A focus on the future: Day-to-day operational issues can consume management. As important as immediate results are, losing focus on innovation can lead to disastrous results. The board can remind management of the bigger picture, ensuring that the organization thinks beyond six months or one year. When boards take the longer view, organizations can have a better chance at effectively managing threats and juxtaposing immediate risks and strategic intent to capitalize on emerging technologies.

A life-long learning mindset: It’s not enough for boards to be well-informed. That’s expected. To thrive amidst rapid change, a board should be curious, too. Directors who surface new ideas and ask “what if” questions of management can make an impact in serving the organization. And while it helps some organizations to have a technology expert on the board, it behooves directors to do all they can to stay abreast of current and emerging technologies. I had learning in mind when I led Deloitte’s board of directors on a day and half leadership development program at West Point. Our goal was to enhance the board’s ability to execute its role as advocates, stewards and guardians of our organization. Hearing from retired generals on making decisions in volatile, complex and ambiguous environments opened our minds to new thinking.

A healthy approach to failure: Boards at leading organizations stress the importance of “failing fast”—that is, trying something new and if it doesn’t work, acknowledge it quickly and learn from the mistakes to make a better, more informed choice in the future. In my view, an organization can’t be innovative without having the courage to fail and seeing failure as a learning opportunity. When professionals see executives and board members stepping outside of their comfort zone—and sometimes failing—they may feel more comfortable tackling issues with an innovative mindset and altering the status quo.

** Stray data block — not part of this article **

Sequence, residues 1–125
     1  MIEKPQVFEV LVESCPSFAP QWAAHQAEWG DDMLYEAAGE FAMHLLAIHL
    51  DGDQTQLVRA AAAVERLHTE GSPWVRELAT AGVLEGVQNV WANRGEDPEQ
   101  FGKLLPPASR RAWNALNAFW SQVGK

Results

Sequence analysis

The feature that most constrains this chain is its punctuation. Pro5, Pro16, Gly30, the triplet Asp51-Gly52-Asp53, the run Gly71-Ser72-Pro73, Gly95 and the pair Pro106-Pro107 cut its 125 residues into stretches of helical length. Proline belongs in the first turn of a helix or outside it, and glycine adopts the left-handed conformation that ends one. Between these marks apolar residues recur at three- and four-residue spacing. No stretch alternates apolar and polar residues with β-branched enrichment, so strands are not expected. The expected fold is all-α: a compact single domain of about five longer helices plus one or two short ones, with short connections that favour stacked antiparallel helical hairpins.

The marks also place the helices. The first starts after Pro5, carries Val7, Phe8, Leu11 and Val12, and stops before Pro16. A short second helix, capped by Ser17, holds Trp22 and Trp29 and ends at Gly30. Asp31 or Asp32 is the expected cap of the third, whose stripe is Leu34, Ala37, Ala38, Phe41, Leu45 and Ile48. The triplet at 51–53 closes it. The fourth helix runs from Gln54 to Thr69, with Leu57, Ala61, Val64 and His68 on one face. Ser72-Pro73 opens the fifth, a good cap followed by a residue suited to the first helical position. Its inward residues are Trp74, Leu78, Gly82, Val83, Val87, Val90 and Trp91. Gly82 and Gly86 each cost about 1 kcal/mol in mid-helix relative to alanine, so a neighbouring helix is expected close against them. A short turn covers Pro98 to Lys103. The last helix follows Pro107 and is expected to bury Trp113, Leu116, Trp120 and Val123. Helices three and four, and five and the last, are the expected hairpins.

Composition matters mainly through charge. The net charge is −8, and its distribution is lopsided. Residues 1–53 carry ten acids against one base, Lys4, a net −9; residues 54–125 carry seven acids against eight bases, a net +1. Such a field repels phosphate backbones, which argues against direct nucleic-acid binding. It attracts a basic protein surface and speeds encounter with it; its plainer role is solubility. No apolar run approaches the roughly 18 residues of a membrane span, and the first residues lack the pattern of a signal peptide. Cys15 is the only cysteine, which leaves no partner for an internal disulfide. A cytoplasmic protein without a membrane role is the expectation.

Depending on the organization, other steps a board could take to anticipate the future include appointing a technologist who has business experience, establishing a committee to focus on technology oversight, and inviting the chief information officer to board meetings on a regular basis.

A key is to be proactive and ensure innovation is part of the enterprise-wide culture.

In a world of exponential change, it’s up to the board of directors to challenge traditional assumptions and create a culture of experimentation. Organizations that take this approach can have a better chance at evolving and growing as the environment changes.

“Bridging the boardroom’s technology gap,” CIO Insider, Deloitte Insights. June 2017

This publication contains general information only and Deloitte is not, by means of this publication, rendering accounting, business, financial, investment, legal, tax, or other professional advice or services. This publication is not a substitute for such professional advice or services, nor should it be used as a basis for any decision or action that may affect your business. Before making any decision or taking any action that may affect your business, you should consult a qualified professional advisor.

Deloitte shall not be responsible for any loss sustained by any person who relies on this publication.